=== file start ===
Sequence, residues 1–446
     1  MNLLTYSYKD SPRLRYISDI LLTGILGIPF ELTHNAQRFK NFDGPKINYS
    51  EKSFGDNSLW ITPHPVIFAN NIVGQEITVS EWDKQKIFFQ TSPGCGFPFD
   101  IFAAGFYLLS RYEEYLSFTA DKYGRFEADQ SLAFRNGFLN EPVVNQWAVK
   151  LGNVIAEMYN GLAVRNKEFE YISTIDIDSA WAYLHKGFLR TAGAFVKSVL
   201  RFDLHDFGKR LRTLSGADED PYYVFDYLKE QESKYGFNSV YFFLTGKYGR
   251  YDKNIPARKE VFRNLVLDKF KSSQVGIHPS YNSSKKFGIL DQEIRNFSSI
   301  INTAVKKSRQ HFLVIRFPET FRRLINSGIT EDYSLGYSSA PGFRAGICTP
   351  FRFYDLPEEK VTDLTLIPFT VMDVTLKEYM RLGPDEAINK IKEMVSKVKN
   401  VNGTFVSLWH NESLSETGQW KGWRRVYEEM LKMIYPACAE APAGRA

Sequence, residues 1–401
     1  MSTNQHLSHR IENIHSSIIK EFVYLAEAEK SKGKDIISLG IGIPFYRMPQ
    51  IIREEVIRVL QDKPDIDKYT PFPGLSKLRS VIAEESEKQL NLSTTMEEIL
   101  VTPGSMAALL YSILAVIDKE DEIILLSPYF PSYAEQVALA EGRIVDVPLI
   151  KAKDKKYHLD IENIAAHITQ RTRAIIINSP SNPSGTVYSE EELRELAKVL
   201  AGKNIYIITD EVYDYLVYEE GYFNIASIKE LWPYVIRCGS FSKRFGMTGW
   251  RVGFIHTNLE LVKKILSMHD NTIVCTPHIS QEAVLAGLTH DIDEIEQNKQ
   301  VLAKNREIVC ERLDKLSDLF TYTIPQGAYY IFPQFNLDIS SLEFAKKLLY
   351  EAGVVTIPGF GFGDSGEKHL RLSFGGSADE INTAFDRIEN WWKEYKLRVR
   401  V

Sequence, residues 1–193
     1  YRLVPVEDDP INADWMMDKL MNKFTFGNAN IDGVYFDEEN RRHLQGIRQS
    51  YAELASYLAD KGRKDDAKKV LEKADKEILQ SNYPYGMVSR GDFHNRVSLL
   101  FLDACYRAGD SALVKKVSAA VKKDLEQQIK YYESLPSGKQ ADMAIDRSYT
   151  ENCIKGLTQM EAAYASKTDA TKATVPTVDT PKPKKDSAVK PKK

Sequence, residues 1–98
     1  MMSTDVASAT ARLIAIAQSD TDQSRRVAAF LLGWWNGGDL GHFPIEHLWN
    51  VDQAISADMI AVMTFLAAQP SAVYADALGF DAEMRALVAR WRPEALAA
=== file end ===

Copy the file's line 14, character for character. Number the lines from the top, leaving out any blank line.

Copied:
   101  VTPGSMAALL YSILAVIDKE DEIILLSPYF PSYAEQVALA EGRIVDVPLI